1 July 2013
It's so hard to believe it's July already - we've been living on the road for 10 months, and having a wonderful time. And somehow having winter in July just doesn't compute - while we know intellectually that the Southern Hemisphere is on an opposite seasonal schedule from the Northern Hemisphere, well, years and decades of experience and habit say otherwise. Cold weather and sweaters in July just feels so wrong!
still very green here, despite the cold. I know, cold is relative -
what feels cold to me feels balmy to a Minnesotan. Around here, 60 F
(15 C) isn't cold, it's just a little chilly. The trees seem to agree.
think just as the trees have adapted to wet cold climates and retain
their leaves, showing a certain toughness and hardiness, so too have the
Australian people adapted to the cold wet climate. We're wearing
jeans, sweatshirts or sweaters, rain jackets, and closed up shoes. We
see all kinds of Australians running around in shorts, or tee shirts, or
short skirts, and the ever-present flip flops - as if it's summer! I
suspect the harsh terrain and weather, where 3/4 of the animals are some
of the deadliest in the world, has led to an attitude of toughness,
grittiness, fortitude, even maybe a kind of machismo. The Crocodile
Dundee Syndrome, we could call it. The unforgiving land, deadly
animals, and weather that provides either droughts or floods has created
survivors, people ready to meet the animals and the elements on their
terms, people determined to win.
So, as a
pseudo-Aussie these days, I braved the elements and the
dingo-warning-signs and walked to the Sugarloaf Point lighthouse. It
was roughly a mile or so hike, through lonely and dense bush, dripping
from all the rain, and cold (for me). But a beautiful hike up and down
the coast, with views of treacherous rocks and rushing waters and isolated beaches and dunes - and
finally the lighthouse, pristine white and ready to shine its light and
warn ships and sailors and pirates of the rocks. I walked up, despite
the clouds in the distance, and of course it began to pour. Actually, I could see the rain coming, but by that time it seemed crazy to NOT go up to the lighthouse, after the hike in, and considering how wet I was by that point. And, more
of course, the lighthouse was locked. I still walked up the stairs for
wonderful views, although in the pouring rain I could only see in one
direction - the one with the rainbow. Perfect!
walked back down the hill and back to the car. Somewhere partway down, my rain jacket decided it was only water resistant, and no longer
waterproof. Soon I could feel cold rain seeping across my shoulders,
down my arms, and of course dripping off the jacket across my jeans. By
the time I got to the camper, I was soaked to the skin.
The good part
about having the camper is that my dry clothes were right there, so it
was easy to dig out some dry clothes and change. The bad part about a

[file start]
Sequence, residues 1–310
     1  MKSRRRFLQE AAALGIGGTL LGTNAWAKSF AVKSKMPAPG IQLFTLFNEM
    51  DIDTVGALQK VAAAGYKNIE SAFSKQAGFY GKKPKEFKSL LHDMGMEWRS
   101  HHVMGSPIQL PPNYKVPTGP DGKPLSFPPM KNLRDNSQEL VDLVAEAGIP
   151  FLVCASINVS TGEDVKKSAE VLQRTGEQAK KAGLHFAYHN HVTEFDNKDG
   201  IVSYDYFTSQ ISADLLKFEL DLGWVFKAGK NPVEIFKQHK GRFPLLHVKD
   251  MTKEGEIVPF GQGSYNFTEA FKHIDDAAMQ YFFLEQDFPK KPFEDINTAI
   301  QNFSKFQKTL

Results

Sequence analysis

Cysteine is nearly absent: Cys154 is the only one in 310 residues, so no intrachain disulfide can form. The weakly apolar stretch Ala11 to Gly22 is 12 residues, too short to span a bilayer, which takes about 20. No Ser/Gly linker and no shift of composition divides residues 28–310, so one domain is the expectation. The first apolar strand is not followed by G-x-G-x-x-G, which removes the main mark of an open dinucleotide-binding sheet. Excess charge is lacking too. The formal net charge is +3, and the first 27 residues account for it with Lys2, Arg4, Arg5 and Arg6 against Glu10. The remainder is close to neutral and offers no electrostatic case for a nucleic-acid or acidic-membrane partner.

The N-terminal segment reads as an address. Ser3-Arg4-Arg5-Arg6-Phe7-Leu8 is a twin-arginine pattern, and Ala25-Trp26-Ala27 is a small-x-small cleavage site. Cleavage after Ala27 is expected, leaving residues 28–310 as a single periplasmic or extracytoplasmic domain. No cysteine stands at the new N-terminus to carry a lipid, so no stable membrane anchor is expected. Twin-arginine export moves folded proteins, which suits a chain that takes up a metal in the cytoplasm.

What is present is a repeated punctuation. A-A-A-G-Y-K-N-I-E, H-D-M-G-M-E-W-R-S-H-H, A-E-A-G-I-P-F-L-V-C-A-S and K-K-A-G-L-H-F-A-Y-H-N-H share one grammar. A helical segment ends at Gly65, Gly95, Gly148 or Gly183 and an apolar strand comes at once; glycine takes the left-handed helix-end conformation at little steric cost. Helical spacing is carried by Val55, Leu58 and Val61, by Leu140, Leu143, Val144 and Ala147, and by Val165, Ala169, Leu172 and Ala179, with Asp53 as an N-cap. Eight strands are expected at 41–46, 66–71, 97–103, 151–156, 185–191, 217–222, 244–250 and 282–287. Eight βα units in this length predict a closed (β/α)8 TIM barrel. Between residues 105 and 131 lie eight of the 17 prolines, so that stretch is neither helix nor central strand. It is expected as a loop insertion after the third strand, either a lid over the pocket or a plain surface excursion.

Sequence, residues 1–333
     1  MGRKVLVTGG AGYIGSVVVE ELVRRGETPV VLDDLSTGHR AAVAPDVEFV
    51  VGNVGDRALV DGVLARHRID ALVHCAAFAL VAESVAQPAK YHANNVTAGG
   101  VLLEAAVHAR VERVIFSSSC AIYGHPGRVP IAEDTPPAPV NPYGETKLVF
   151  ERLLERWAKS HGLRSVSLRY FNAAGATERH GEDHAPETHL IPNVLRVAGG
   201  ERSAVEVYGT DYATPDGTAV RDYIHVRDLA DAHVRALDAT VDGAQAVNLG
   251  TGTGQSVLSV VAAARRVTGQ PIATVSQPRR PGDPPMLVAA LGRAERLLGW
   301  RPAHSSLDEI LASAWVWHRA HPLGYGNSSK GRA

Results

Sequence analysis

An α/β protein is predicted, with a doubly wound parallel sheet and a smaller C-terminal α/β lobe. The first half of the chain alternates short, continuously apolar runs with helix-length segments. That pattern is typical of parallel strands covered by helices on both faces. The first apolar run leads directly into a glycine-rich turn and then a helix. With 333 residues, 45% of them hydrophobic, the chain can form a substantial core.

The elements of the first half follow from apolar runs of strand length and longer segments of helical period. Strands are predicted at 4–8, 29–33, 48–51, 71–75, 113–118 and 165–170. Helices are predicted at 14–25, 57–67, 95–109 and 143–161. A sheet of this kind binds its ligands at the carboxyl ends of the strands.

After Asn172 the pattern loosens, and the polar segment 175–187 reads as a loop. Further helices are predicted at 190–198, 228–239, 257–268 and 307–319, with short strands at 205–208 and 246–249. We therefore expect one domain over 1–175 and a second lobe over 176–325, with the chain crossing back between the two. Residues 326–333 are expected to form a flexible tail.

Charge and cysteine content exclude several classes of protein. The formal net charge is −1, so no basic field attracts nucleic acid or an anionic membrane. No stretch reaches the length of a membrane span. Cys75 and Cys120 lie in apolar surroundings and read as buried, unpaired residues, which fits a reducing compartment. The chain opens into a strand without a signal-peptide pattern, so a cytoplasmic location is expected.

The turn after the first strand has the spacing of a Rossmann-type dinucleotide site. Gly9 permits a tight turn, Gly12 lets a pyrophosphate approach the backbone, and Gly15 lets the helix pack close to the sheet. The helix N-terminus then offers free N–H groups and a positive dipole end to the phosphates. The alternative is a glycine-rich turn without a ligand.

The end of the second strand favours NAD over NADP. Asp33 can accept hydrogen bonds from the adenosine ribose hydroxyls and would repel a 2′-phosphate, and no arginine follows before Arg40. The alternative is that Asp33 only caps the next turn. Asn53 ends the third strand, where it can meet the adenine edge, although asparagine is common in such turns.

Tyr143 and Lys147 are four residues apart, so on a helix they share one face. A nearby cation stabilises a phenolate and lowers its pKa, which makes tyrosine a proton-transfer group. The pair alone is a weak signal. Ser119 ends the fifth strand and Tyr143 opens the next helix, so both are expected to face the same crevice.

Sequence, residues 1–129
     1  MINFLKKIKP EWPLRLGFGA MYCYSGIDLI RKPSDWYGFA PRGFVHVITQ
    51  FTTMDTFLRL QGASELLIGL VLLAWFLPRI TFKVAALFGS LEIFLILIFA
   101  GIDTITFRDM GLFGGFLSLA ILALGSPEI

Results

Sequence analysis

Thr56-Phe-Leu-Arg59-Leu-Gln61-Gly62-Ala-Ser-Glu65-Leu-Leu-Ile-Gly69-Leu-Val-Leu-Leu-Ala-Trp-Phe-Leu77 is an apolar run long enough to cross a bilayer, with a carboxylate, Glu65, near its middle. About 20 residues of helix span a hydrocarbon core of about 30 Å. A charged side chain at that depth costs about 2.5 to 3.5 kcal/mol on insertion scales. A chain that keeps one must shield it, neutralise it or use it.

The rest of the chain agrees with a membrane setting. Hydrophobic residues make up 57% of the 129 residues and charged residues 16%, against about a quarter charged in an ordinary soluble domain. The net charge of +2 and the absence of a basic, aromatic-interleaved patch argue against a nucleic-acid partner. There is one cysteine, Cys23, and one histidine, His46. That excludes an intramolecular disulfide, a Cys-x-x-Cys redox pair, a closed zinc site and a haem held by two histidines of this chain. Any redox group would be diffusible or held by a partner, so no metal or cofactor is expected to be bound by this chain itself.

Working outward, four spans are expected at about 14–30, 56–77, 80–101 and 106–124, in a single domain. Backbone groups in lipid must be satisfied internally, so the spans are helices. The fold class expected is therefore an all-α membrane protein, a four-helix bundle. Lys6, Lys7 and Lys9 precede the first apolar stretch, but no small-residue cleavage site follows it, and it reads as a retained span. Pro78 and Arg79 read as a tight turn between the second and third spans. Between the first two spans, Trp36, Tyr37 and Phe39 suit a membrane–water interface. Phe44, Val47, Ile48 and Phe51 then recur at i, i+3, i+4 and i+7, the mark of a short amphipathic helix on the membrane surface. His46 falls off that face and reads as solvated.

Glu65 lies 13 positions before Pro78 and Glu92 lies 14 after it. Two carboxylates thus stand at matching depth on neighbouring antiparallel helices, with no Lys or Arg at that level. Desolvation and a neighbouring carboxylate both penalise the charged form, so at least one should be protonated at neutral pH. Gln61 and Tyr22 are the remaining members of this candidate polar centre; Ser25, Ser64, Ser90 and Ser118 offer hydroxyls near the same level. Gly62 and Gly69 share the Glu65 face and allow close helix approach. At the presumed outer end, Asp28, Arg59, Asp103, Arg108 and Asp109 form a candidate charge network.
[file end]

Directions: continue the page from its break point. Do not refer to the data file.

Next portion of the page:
camper in the rain is that there isn't really any convenient place to
hang wet clothes. We managed. And we drove onward, following the Lakes
Road, weaving along peninsulas and bridges that make up the network of
saltwater lakes along the east coast.
We saw a wallaby family walking around the front yard of some house, complete with the joey poking his/her head out of the pouch. Such fun to see the wallabies, no matter how many I see they are still exciting! No dingoes, despite the signs. No koalas, despite the quantity of gum and eucalyptus trees. Just some wallabies, watching the cars go by as they ate the grass and bounced around.
We're moving northward slowly, trying to get behind this storm that hit us while in Sydney, and that has slowly been following us up the coast, heading to Queensland. So we decided to just head up to the inlet that feeds the Wallis Lake complex, another of the great saltwater lakes along the coast.
There are two towns, Forster and Tuncurry, one on each side of the inlet and connected by a long long bridge. We headed there and, after consulting our maps, decided to head to the Tuncurry Beach Holiday Park. The campground is situated on the landward side of huge dunes, which lead to Nine Mile Beach.
On another side of the campground is the inlet, with a long rock jetty to protect the mouth of the lake, and prevent shipwrecks - apparently a change in wind direction or sudden gusts, and ships would be blown out to sea or onto sand bars.
We went out exploring at sunset. Even though we were facing every which way except west, there still was a lot of color in the sky and on the water. As well as numerous rain clouds, letting us know that this weather system was not finished with us.
We saw a bunch of people trying to surf (and they didn't seem to be in the area with the most waves, but they probably know something about the beach that we didn't). My favorite were these two, a young couple, maybe even teenage, who seemed to be on a sunset surf date! So romantic!
After our walk across the dunes and back, we walked over to the local bowling club (lawn bowling, not bowling alley with pins bowling) for a little pokie time, just for something different. There isn't a lot to do in a holiday park except hang out with other campers or hang out in our van. And after a day of driving, even half a day, it feels good to get in a decent walk.
We're settled in now for the night, and will make the bed and make plans for tomorrow. We may stay here and explore Tuncurry, we may move on.
Such is life when the plan is to not have a plan.